The set for this play consists of no more than a single telephone pole towards the front of the stage and a bench and bus stop sign toward the back. The setting is at dusk.
The characters Vladimir and Estragon are still passing their time with meaningless little exchanges as they wait for Godot.
Of course the pair of Lucky, with the rope round his neck, and Pozzo holding its other end make their appearance and converse in exchanges that have little meaning other than to reinforce the master-servant relationship—although their presentation is considerably more comic than in the Original
Woman 1 appears on stage with her hands engaged in her knitting, and it appears that she is the mother of Estragon parted with some 30 years earlier. She has come in search of her son guided only by a letter she received from him.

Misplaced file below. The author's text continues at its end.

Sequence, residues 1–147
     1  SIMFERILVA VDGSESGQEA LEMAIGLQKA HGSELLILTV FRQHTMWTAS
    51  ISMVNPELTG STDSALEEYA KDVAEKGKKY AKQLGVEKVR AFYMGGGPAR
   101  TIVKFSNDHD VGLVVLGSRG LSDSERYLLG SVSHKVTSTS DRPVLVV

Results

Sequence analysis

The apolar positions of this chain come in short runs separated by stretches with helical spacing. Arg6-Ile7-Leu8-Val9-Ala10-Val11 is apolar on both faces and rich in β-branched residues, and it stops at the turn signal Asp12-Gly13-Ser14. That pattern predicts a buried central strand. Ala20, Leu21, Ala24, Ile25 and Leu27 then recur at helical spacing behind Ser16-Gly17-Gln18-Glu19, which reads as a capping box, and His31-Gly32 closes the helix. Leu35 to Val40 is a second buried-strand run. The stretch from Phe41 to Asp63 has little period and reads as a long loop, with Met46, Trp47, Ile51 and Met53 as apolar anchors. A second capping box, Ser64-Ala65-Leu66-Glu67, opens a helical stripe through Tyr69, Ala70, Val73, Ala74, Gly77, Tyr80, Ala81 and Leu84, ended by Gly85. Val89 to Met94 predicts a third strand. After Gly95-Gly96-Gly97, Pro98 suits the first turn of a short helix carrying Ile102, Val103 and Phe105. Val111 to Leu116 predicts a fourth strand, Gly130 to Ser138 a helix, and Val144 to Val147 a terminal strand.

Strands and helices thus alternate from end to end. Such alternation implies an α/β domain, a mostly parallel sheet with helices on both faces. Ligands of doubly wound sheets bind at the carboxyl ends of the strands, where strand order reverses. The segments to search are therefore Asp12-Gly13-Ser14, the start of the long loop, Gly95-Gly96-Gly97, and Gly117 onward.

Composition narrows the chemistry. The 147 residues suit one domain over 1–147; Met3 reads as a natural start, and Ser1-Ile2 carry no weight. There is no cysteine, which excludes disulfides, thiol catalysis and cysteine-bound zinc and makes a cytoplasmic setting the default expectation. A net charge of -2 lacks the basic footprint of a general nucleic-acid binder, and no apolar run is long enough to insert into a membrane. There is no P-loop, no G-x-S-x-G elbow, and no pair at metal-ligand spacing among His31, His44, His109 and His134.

Next Woman 4 makes her appearance pushing a baby buggy in search of her baby’s father, Vladimir.
Amidst this confusion, Godot appears on stage carrying a trunk and an umbrella.
He says, “I am Godot. ” But everyone is too absorbed in their own affairs to pay him any heed.
Both Estragon and Vladimir are too busy being terribly perplexed, the former by the fact that this woman who has suddenly appeared may be his mother, and the latter by the fact that this child may be his son.
In the course numerous entrances and exits for various unclear reasons and repeated failures to meet in the right place at the right time, Woman 1 and Woman 4 and Estragon and Vladimir are never able to verify their mutual relationships.
And, in the three times that Godot encounters Estragon and Vladimir during the course of the play, pronouncing each time that “I am Godot, ” they are unable to internalize and “experience” the fact that Godot has indeed finally come, even though they are aware of the arrival on the surface. They only repeat hastily, “Yes, we know that you are Godot, and that you have come. ”
It is as if to say that fifty years after the original
Waiting for Godot
exposed the inherent emptiness of the act of “waiting, ” we are in a time when the conditions of our lives shut even “waiting” away in the realm of the meaningless.